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Eric Adams

Who Is Randy Mastro, the Lawyer Poised to Become a New Top Dog in the Adams Administration?

With rumors swirling about a new top lawyer in New York City—a former Giuliani deputy mayor who could potentially defend Mayor Eric Adams in civil court—we dug in to what New Yorkers should know about him.

Randy Mastro speaks as Mayor Eric Adams Launches NYC Legal Fellows Program. City Hall. November 2, 2022.
(Caroline Willis / Mayoral Photo Office)

On Tuesday, the New York Times reported that there's yet another imminent shakeup in the Adams administration. New York City's current corporation counsel Sylvia O. Hinds-Radix, the city's Corporation Counsel, who litigates civilly on behalf of the City, is on her way out, and City Hall is in the final stages of hiring her replacement. That replacement? Randy Mastro, a Republican former federal prosecutor who's currently working at corporate law firm King & Spalding, and has argued multiple reactionary lawsuits against the City in court in recent years. Currently, Mastro is representing New Jersey in its lawsuit against New York over congestion pricing. 

If he assumes the role—Deputy Mayor for Communications Fabien Levy would not confirm Mastro's future appointment to the Times—Mastro will be in charge of the legal team that represents city agencies, employees, and the mayor. In the Adams administration, that means (somewhat controversially) defending the mayor against a charge of sexual assault by a former NYPD colleague, which the colleague alleges occurred back in 1993, and also top Adams aide Timothy Pearson, who was accused in March of sexual harassing a female NYPD sergeant in 2022. The corporation counsel would also, as of now, take some of  the reins on defending the mayor from any charges related to the federal investigation into his 2021 mayoral campaign's alleged ties to the Turkish government, not to mention coming to the defense of other Adams administration officials, like Winnie Greco and Rana Abbasova, who've come under FBI scrutiny, too. In short, Mastro is likely about to become a very busy man.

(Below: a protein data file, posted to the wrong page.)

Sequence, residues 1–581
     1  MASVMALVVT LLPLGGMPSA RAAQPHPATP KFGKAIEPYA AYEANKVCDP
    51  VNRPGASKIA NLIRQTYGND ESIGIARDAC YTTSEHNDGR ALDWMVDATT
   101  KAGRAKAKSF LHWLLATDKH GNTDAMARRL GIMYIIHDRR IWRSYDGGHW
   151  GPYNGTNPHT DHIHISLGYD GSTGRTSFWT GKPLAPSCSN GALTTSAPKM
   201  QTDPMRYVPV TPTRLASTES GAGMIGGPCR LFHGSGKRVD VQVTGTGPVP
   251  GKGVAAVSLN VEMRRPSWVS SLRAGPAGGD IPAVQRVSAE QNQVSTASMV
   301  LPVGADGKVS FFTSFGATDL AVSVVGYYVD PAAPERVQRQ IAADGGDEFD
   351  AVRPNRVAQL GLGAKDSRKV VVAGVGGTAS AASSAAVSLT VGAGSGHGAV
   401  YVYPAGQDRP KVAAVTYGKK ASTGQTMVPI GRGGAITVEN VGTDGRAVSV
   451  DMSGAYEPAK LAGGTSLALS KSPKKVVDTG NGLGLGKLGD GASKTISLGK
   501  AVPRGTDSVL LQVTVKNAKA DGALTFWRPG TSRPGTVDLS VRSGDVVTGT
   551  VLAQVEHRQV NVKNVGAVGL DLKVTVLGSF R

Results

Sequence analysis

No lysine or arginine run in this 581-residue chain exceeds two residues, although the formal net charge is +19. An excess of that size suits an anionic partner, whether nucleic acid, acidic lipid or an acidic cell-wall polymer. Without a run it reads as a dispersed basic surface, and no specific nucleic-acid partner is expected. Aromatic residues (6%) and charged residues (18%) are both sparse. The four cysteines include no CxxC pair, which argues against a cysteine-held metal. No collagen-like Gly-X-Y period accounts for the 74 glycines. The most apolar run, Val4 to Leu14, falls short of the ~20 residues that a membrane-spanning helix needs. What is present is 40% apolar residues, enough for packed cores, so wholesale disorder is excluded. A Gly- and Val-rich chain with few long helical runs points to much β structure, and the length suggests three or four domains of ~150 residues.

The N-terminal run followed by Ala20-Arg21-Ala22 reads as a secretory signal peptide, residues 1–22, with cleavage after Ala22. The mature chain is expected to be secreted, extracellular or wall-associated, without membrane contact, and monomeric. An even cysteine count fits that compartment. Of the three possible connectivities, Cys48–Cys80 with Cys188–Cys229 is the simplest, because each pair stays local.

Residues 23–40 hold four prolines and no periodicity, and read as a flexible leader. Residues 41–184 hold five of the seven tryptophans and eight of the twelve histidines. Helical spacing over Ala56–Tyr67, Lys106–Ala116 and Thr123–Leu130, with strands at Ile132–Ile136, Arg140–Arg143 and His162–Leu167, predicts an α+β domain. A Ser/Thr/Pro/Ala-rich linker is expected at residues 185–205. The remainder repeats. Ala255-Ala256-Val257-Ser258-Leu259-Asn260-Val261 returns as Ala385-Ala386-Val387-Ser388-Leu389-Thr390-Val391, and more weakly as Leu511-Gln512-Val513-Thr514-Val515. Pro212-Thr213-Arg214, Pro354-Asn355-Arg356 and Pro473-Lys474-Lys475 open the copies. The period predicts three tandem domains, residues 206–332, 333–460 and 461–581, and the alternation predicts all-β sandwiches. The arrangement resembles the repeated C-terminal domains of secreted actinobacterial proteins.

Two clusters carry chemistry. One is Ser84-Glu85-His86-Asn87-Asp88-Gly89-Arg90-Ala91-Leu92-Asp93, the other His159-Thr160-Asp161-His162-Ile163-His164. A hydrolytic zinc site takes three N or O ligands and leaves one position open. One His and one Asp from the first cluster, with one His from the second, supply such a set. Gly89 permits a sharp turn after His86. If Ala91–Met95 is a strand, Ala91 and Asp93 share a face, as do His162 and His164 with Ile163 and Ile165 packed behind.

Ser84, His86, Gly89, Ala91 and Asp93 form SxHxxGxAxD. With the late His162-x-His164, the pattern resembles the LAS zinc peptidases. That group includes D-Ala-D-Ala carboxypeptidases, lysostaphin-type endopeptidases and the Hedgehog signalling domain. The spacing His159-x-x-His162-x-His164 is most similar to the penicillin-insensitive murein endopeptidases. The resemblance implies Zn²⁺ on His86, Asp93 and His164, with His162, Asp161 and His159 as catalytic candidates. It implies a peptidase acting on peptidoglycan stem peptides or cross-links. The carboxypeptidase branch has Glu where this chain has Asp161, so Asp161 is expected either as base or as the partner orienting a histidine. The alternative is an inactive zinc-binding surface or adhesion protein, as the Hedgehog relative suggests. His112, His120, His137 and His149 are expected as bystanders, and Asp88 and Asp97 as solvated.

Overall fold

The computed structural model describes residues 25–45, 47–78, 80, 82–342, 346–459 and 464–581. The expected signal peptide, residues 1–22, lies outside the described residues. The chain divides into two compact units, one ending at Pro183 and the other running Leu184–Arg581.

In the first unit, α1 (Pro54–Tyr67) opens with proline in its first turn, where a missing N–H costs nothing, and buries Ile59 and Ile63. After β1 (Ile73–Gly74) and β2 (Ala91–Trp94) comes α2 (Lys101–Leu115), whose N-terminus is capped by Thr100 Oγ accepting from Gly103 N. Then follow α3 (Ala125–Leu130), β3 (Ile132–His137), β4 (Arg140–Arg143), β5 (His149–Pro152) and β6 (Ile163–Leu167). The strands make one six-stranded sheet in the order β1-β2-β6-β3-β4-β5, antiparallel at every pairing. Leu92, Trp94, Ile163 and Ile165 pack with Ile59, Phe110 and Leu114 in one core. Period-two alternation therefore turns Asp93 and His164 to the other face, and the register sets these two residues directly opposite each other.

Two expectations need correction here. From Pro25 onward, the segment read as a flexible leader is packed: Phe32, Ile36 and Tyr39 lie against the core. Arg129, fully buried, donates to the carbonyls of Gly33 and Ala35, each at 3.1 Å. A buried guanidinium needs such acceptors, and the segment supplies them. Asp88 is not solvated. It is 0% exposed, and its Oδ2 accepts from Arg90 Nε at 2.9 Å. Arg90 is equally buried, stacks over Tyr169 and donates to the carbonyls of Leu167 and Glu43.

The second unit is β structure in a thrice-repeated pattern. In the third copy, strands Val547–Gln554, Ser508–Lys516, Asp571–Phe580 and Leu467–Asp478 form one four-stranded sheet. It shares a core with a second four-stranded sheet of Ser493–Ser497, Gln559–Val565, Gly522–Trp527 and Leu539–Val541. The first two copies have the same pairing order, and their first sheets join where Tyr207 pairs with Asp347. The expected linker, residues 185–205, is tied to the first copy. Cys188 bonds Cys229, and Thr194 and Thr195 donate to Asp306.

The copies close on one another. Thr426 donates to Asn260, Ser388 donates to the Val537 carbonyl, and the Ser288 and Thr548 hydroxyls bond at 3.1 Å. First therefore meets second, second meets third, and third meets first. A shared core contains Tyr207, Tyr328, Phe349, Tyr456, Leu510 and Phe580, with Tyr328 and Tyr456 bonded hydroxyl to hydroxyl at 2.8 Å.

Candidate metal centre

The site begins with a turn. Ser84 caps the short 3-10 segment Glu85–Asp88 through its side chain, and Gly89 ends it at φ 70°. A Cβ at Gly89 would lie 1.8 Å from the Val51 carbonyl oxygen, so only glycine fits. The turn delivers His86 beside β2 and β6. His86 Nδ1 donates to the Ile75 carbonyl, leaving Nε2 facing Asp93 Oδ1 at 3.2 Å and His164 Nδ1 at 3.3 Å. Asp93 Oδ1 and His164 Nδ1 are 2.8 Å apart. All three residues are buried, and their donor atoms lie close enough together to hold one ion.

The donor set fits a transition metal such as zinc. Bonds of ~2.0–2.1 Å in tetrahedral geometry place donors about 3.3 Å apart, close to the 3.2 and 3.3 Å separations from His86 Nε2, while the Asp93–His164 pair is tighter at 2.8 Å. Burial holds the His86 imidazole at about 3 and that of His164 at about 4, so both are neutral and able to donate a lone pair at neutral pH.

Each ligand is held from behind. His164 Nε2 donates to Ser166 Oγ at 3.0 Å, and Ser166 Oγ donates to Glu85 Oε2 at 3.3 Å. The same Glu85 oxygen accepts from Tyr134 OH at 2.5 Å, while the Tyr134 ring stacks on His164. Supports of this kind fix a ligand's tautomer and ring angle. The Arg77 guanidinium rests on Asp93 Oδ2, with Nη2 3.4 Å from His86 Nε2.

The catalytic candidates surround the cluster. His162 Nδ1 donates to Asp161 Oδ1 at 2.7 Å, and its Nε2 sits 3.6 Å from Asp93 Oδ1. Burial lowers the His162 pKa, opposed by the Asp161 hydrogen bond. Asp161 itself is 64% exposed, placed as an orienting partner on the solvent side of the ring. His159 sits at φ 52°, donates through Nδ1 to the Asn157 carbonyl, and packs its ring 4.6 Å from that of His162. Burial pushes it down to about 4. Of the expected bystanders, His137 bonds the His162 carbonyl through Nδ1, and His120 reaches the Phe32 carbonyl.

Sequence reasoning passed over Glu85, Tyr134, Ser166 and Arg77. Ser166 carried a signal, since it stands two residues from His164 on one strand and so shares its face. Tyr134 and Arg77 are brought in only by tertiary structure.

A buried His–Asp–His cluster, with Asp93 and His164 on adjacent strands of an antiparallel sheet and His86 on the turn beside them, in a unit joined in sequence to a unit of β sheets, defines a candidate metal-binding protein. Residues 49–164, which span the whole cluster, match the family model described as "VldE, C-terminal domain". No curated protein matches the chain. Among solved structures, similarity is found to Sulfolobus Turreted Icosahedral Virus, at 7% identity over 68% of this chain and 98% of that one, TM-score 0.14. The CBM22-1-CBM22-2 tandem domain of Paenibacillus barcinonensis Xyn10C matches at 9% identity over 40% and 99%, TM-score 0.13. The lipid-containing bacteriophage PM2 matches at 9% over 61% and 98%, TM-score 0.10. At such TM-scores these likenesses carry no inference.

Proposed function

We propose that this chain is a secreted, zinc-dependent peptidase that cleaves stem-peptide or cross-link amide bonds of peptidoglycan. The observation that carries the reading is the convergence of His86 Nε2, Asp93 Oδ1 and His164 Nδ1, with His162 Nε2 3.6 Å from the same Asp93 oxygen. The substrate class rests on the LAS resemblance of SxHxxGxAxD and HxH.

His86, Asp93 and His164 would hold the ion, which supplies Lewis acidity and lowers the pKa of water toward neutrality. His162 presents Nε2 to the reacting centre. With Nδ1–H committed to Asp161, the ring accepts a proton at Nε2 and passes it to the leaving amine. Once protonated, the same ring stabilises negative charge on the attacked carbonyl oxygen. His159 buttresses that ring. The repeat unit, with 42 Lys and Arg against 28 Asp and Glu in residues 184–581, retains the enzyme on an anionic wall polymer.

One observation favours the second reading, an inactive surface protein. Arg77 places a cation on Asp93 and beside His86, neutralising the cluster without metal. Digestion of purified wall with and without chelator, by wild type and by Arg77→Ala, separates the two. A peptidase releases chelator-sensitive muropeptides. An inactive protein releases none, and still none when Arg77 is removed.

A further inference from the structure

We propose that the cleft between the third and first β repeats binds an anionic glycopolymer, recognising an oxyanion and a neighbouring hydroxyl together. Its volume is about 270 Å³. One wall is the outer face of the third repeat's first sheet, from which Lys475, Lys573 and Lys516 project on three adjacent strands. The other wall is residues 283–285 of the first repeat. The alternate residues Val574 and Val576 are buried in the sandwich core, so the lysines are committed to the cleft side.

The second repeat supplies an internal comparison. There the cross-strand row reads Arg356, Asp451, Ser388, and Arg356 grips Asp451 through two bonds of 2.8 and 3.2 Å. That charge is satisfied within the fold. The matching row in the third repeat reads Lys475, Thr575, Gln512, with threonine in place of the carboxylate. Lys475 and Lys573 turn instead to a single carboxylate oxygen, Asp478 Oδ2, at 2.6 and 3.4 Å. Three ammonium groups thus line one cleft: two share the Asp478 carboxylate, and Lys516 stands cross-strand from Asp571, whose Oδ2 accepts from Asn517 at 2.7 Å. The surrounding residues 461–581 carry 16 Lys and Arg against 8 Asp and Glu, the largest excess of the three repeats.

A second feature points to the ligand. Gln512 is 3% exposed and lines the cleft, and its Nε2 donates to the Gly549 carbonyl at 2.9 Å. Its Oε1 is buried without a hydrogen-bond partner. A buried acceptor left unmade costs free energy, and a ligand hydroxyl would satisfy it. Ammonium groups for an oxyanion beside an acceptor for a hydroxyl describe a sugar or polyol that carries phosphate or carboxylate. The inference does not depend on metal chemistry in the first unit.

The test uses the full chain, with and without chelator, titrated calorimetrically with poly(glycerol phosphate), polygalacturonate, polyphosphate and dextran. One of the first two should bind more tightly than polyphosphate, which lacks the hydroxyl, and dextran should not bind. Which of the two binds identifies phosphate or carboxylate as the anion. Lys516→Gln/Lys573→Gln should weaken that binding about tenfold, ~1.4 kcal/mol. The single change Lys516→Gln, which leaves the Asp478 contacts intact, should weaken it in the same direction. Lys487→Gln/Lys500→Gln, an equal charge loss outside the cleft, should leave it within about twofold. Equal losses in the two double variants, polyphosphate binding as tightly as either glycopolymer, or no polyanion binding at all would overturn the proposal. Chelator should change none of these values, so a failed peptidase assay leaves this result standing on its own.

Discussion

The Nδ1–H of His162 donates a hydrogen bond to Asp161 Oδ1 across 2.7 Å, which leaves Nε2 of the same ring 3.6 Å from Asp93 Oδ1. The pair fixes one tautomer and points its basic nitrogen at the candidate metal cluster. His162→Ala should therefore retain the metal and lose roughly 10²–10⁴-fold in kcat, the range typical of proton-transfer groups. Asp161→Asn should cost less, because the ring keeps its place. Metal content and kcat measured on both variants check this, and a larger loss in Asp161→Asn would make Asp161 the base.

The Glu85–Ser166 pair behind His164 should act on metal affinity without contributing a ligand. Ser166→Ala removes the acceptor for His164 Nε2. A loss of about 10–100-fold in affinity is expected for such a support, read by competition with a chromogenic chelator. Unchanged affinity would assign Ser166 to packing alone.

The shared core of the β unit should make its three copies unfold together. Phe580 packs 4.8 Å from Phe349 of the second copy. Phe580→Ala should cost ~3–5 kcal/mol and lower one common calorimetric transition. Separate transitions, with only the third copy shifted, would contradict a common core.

According to the Daily News, Hinds-Radix's exit is linked to "disagreements she has had with top members of the Adams administration about sensitive legal matters," which reporter Chris Sommerfeldt described as including the sexual assault lawsuit against the mayor. Hinds-Radix, a former judge, has yet to comment to any outlet about her potential departure from her current role.

Some City Councilmembers have already made their feelings known about Mastro's prospective appointment to the corporation counsel position, which would require confirmation from the council to pass. A dozen City Councilmembers talked to the Daily News on Wednesday about blocking Mastro's appointment, including Progressive Caucus members Sandy Nurse, Tiffany Cabán, and Chi Ossé.

If the name "Randy Mastro" rings any bells, that's probably because Mastro has been a player in tristate area politics for decades—since he served as a top aide, then deputy mayor, to Rudy Giuliani. Here are a few snippets from Mastro's bio that may factor into why Adams wants this guy on his team, stat.